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The Magnificent Seven Print E-mail
Written by John Mulderig Catholic News Service   
Wednesday, 05 October 2016 13:32

NEW YORK (CNS) - A chivalrous parable that showcases self-sacrificing heroism, "The Magnificent Seven" (Columbia) can be read as illustrating, in microcosm, Catholic theology's theory of a just war.

Essentially, that teaching holds that, just as an individual has the right to self-defense, so too a community or a nation is justified in using the minimal amount of force necessary to repel unwarranted aggression.

Yet, if director Antoine Fuqua jaunty Western is a tale about righting an egregious wrong, it's also an exercise in unrestrained and creative death-dealing. As such, its steady stream of mayhem will undercut its pretentions to morality in the eyes of at least some grown moviegoers.

Set in 1879, Nic Pizzolatto and Richard Wenk's script loses little time in introducing us to a villain we can love to hate or in felling his first innocent victims.

Ruthless gold-mining mogul Bartholomew Bogue (Peter Sarsgaard) has decided he wants the land on which the frontier town of Rose Creek stands for his own. So, with his private army of thugs at his back, he breaks into the local church - where the citizenry busily debates what to do about him - and the killing in cold blood soon commences. Once it ends, he threatens the survivors with a similar fate unless they sell out to him for a pittance.

Though most of the burgh's inhabitants see no choice but to buckle under, plucky Emma Cullen (Haley Bennett), the widow of one of Bogue's victims, is having none of it. Instead, she hires roving lawman Sam Chisolm (Denzel Washington) to organize resistance. The result is a motley band of skilled gunmen - Chris Pratt and Ethan Hawke are its other most prominent figures - and an extended shoot-'em-up showdown.

The titular grouping is marked not only by the shared outsider status of its members but by their varied ethnicities and backgrounds, despite which, in the ideal American manner, they manage to bond through mutual admiration.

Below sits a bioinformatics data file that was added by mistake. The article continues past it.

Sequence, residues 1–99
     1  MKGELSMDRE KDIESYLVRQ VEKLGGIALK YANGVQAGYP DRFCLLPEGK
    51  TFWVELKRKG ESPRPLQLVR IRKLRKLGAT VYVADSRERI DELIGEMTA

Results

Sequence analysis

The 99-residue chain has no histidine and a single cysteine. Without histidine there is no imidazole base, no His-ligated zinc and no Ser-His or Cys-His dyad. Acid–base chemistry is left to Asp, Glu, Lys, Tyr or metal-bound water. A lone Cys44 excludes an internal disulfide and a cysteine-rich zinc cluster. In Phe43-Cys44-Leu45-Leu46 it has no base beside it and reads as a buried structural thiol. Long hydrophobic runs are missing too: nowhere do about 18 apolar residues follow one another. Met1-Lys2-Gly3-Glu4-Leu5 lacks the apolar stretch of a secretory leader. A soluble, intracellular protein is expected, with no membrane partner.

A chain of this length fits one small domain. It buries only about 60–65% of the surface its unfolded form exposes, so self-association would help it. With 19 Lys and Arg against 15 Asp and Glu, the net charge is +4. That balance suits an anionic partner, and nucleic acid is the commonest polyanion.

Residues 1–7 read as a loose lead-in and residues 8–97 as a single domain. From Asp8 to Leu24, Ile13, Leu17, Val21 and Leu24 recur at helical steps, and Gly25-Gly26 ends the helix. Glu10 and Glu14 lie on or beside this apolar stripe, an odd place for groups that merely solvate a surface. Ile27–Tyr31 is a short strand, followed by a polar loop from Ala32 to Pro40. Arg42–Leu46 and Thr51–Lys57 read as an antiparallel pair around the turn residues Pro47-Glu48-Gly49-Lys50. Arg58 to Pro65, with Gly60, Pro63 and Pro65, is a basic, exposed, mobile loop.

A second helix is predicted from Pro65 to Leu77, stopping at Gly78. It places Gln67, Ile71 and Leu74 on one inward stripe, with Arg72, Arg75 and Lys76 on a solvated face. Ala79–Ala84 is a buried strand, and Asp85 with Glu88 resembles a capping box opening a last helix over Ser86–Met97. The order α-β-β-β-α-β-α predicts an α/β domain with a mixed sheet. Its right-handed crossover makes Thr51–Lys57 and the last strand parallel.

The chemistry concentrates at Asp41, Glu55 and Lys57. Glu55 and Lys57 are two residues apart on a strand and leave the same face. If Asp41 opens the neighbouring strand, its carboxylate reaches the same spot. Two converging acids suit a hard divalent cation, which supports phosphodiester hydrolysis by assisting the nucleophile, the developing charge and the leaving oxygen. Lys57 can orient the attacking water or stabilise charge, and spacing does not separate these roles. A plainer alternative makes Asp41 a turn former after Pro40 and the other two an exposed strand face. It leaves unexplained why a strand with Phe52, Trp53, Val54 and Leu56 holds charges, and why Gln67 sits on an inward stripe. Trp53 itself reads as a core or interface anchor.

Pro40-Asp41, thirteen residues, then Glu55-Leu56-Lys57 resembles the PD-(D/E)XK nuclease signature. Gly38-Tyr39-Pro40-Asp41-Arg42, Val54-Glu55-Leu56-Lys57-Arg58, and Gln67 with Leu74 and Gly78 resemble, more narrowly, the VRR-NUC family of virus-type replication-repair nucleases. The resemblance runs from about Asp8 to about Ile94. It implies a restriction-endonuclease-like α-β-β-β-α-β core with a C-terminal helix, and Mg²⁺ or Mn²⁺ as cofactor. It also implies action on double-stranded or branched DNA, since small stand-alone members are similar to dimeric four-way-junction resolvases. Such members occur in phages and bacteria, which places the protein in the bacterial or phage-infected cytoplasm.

Thus, although he's an ex-Confederate soldier famed for his exploits at Antietam, Hawke's character, Goodnight Robicheaux, is also an old friend of Chisolm's. And Robicheaux's closest pal is Chinese immigrant Billy Rocks (Byung-hun Lee), whose skill with knives makes him a welcome addition to the pack.

In similar rise-above-it fashion, renowned Indian fighter Jack Horne (Vincent D'Onofrio) gets to like his newfound Comanche comrade, Red Harvest (Martin Sensmeier). As for Pratt's persona, Josh Faraday, he likes to mock Mexican fugitive Vasquez (Manuel Garcia-Rulfo). But Vasquez gets the better of him with Spanish insults Faraday mistakes for compliments.

Amid the furious action, Fuqua's remake of the 1960 film of the same title, which was itself, in turn, adapted from Akira Kurosawa's 1954 classic "Seven Samurai," pauses occasionally to reflect on the dividing line between justice and vengeance. It also features Christian references and imagery - the burned-out church, for instance, becomes ground zero in the climactic struggle - as well as examples of devotion ranging from the sincere to the eccentric.

Though it's appealing to find explicit, if nondenominational, Christian faith occupying such a prominent and positive place in a contemporary Hollywood film, at least some believers may view "The Magnificent Seven" as pitting good against evil simply in order to let the bullets fly.

The film contains constant stylized violence with gunplay and explosions but very little blood, several uses of profanity, a couple of mild oaths and numerous crude and crass expressions. The Catholic News Service classification is A-III - adults. The Motion Picture Association of America rating is PG-13 - parents strongly cautioned. Some material may be inappropriate for children under 13.

Mulderig is on the staff of Catholic News Service.

'The Wild Life' Print E-mail
Wednesday, 21 September 2016 14:37

NEW YORK (CNS) - Daniel Defoe is spinning in his grave.

The English author's celebrated 1719 novel "Robinson Crusoe," which set the standard for thrilling, realistic adventure fiction, has morphed into a 3-D animated kiddie comedy called "The Wild Life" (Summit).

Needless to say, this Franco-Belgian production, co-directed by Vincent Kesteloot and Ben Stassen, only pulls a few strands from Defoe's story. A sailor named Crusoe (voice of Matthias Schweighofer) is shipwrecked and washes ashore a deserted island. There he finds, not cannibals, but a wide array of exotic (and exceedingly loquacious) birds, reptiles and mammals.